Web Extra: Hear an Extended Interview with Williams
Stanley "Tookie" Williams has led a life so dramatic that Hollywood turned his autobiographical book into a 2004 made-for-TV movie: Redemption, starring Jamie Foxx. But Williams remains on Death Row, facing execution as early as this fall if appeals on his behalf fail.
From behind bars, Williams urges at-risk youth to reject his violent path of gangs and drugs:
Williams apologizes for creating the Crips street gang, and for his legacy of street violence
Anti-gang public service announcement
Another PSA urging youths to resist gangs
20th Century Fox
Screen grab of a scene from Redemption starring Jamie Foxx.
20th Century Fox
Born and raised on the mean streets of south Los Angeles, Williams and a friend co-founded the notorious Crips street gang when he was just 13. "We performed mayhem and aggression throughout the city. We terrorized everybody. We made it a living hell...," he says today. "We made a mistake — we morphed into a monster."
Now 51, Williams sits in San Quentin prison in northern California, convicted of the 1979 killing of a convenience store worker during a robbery. He was also found guilty of shooting and killing a motel owner, his wife and daughter — crimes he says he did not commit.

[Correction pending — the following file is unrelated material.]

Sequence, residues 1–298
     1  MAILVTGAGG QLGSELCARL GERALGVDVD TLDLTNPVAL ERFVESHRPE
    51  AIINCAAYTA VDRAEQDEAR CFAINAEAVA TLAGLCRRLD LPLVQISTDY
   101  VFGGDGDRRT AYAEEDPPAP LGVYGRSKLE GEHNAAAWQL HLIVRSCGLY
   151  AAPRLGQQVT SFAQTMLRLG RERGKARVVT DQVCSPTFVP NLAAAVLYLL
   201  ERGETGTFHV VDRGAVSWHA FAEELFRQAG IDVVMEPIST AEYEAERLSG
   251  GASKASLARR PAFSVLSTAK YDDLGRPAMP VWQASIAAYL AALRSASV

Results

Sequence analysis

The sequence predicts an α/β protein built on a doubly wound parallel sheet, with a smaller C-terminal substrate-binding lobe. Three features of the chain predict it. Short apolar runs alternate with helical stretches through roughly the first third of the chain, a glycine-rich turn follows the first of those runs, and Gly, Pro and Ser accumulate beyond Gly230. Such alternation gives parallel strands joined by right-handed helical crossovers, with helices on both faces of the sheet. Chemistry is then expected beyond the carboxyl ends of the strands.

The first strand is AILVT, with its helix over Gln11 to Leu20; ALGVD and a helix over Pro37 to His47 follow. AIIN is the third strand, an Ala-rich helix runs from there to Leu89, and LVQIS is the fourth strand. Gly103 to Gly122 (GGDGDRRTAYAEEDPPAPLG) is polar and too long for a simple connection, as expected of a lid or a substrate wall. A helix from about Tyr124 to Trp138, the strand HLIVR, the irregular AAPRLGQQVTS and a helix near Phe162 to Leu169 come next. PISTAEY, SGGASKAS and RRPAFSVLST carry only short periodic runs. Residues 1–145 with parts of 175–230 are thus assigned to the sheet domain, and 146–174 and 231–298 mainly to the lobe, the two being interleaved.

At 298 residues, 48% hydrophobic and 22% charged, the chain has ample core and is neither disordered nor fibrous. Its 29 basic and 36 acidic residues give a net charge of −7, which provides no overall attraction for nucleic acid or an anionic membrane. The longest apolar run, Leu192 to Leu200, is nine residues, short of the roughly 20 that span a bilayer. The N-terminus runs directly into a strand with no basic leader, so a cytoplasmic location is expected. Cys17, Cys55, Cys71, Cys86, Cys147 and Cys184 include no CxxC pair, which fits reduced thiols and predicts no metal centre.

Still, in the books he's written about those days, he admits that as a Crip and a drug addict, he was unapproachable, unreachable, unteachable and incorrigible. "I was miseducated on manhood. I thought that manhood constituted violence, aggression, womanizing," he says.
Once behind bars, Williams says he found his own path to redemption. He re-educated himself, reading everything from the dictionary to law books. And he began writing children's books — nine so far — and speaking out against gangs. He's made public apologies for creating the Crips and adopting the gangster lifestyle.
Those efforts earned Williams a nomination for the Nobel Peace Prize, and may be a factor should Gov. Arnold Schwarzenegger decide to grant him clemency. Williams could also appeal his original conviction to the U.S. Supreme Court.